Engaku-ji Temple Kamakura Japan was about 1 hour 20 minutes by train from Tokyo travelling south through Yokohama. Followed by a short walk to the temple.
Engakuji Temple is a short walk from Kita-Kamakura Station on the JR Yokosuka Line coming from Tokyo Station and Shinagawa Station.
Up the stairs
The ancient temple was founded in 1282 by a Chinese Zen monk through it’s patron Japan’s ruler Hojo Tokimune of the Kamakura Shogunate.
Hamish & I at Engaku-ji Temple Kamakura Japan
We had to buy some umbrellas as there were some showers around.
Here we are at the entrance of Engaku-ji Temple Kamakura Japan.
The address is 409, Yamanouchi, Kamakura, Kanagawa , phone247-0062.
The Sanmon Gate
Apparently the Sanmon Gate is unusual as its supporting posts are totally exposed. The Gate dates from 1783.
Engaku-ji Temple at Kamakura is one of Japan’s most important Zen Buddhist temples.
Engakuji Temple was founded in the Kamakura Period of Japanese history on the instructions of regent Hojo Tokimune, who had successfully fought off the two Mongolian invasions of Japan in the late 13th century with the help of fortuitous typhoons known as kamikaze, which had destroyed the invading ships in harbour.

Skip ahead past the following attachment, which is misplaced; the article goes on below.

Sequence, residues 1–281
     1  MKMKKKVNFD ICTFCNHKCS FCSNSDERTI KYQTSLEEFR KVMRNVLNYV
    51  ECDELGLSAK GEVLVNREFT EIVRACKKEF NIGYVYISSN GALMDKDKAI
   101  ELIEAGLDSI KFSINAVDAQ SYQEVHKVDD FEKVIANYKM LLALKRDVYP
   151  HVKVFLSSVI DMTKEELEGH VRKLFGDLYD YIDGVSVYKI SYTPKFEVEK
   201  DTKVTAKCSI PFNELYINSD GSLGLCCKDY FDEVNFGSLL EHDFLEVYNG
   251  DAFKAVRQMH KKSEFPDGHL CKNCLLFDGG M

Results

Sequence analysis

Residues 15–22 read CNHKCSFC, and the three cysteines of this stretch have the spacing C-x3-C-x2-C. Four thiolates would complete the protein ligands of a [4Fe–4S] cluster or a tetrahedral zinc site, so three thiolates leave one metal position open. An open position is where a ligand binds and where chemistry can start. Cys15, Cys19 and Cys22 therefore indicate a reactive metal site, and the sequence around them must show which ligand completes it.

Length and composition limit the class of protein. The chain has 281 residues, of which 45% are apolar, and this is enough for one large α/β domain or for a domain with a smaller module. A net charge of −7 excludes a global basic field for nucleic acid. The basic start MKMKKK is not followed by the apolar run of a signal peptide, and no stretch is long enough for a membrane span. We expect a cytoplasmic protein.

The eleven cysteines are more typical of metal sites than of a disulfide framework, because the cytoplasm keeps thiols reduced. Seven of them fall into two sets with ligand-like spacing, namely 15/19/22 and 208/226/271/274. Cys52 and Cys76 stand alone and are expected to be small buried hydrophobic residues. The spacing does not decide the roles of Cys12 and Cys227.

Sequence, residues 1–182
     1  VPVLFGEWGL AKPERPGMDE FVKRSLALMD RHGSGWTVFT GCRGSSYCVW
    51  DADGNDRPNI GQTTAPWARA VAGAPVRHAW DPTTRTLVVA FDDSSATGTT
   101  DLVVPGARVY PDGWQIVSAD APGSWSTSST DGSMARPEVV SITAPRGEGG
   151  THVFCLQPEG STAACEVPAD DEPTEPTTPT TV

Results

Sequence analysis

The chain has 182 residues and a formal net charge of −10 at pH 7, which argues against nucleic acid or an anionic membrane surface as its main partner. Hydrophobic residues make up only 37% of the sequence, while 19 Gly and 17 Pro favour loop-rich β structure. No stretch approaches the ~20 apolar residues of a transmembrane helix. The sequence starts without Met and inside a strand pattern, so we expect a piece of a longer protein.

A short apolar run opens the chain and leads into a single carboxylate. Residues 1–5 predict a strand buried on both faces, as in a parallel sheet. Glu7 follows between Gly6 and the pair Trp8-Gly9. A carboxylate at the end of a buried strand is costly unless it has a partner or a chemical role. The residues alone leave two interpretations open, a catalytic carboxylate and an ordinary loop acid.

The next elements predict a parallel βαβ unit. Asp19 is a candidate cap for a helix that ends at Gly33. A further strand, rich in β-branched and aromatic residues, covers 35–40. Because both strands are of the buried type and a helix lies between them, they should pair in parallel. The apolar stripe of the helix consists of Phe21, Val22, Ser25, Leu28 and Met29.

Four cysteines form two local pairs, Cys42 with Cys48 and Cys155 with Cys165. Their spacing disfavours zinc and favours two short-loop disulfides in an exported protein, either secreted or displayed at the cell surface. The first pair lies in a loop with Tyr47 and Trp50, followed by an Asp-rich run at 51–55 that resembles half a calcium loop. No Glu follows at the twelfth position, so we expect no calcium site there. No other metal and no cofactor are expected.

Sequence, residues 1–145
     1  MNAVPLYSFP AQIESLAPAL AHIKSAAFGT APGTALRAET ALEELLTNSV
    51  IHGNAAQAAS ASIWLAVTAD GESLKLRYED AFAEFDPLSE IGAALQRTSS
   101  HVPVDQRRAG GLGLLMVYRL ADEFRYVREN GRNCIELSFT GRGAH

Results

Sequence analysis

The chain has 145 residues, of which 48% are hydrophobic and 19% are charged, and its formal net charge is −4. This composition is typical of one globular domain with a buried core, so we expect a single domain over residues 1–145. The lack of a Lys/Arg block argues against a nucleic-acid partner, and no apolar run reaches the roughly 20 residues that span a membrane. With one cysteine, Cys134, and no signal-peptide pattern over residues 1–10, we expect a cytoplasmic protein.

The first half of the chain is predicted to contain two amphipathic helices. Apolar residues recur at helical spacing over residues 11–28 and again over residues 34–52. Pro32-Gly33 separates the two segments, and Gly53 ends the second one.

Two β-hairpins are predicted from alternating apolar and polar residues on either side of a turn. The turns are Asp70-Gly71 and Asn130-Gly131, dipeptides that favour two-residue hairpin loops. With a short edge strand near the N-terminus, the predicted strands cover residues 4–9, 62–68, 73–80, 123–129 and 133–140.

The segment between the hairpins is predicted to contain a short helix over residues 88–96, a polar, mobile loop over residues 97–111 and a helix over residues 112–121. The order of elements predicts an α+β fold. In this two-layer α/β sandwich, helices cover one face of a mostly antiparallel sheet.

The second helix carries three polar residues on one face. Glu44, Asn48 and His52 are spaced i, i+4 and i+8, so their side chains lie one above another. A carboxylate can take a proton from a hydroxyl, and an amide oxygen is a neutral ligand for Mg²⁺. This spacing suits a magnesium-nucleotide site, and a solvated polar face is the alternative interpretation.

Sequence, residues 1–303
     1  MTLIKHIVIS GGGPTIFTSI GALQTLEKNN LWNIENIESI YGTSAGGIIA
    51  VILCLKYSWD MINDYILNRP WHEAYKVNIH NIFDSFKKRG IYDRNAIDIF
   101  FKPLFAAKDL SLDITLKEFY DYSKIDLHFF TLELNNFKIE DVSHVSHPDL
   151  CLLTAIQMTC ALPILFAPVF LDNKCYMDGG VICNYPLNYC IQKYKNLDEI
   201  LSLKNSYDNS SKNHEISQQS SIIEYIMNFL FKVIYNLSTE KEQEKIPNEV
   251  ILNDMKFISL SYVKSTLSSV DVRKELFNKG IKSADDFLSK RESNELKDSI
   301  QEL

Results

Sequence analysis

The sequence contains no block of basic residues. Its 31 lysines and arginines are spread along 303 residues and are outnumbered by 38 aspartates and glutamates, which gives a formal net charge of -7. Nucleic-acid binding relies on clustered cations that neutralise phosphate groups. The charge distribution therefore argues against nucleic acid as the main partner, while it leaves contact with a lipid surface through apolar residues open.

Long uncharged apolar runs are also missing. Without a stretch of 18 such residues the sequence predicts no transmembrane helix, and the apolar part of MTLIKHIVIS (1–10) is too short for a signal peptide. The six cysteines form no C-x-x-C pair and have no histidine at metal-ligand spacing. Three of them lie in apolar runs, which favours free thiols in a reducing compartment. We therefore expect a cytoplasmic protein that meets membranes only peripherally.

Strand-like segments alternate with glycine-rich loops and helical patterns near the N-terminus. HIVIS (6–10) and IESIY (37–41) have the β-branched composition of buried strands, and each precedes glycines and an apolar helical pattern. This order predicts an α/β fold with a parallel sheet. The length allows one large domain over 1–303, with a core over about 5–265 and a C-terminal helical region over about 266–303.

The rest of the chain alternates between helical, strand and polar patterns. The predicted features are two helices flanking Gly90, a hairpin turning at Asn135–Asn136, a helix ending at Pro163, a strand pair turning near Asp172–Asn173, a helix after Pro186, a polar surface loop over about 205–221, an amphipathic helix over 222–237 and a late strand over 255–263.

The small bell
Not to be confused the the Great Bell which is a national treasure. Sadly we could not see the Great one because the area was closed. ‘
Cemetery within the grounds
A well kept cemetery, in fact all the surrounding grounds were immaculate.
Some very old graves here at Engaku-ji Temple Kamakura Japan.
Such a beautiful peaceful settings in the grounds of Engaku-ji Temple Kamakura Japan.
I really love these Japanese pagoda statues, in fact I had several in the garden at my home in Australia.
Ancient gate at Engaku-ji Temple Kamakura, I believe this temple is one of the most important Zen Buddhist temples in Japan, and it ranks second among Kamakura’s Five Mountains.
The old and the new
A new construction beside the ancient cemetery highlights the old and the new at Engaku-ji.
Thanks for visiting my Engaku-ji Temple Kamakura Japan post
These are my friends, Hamish is an Australian living in Thailand and Kayo lives in Tokyo. After Engaku-ji we explored two more temples before catching the train to Enoshima.
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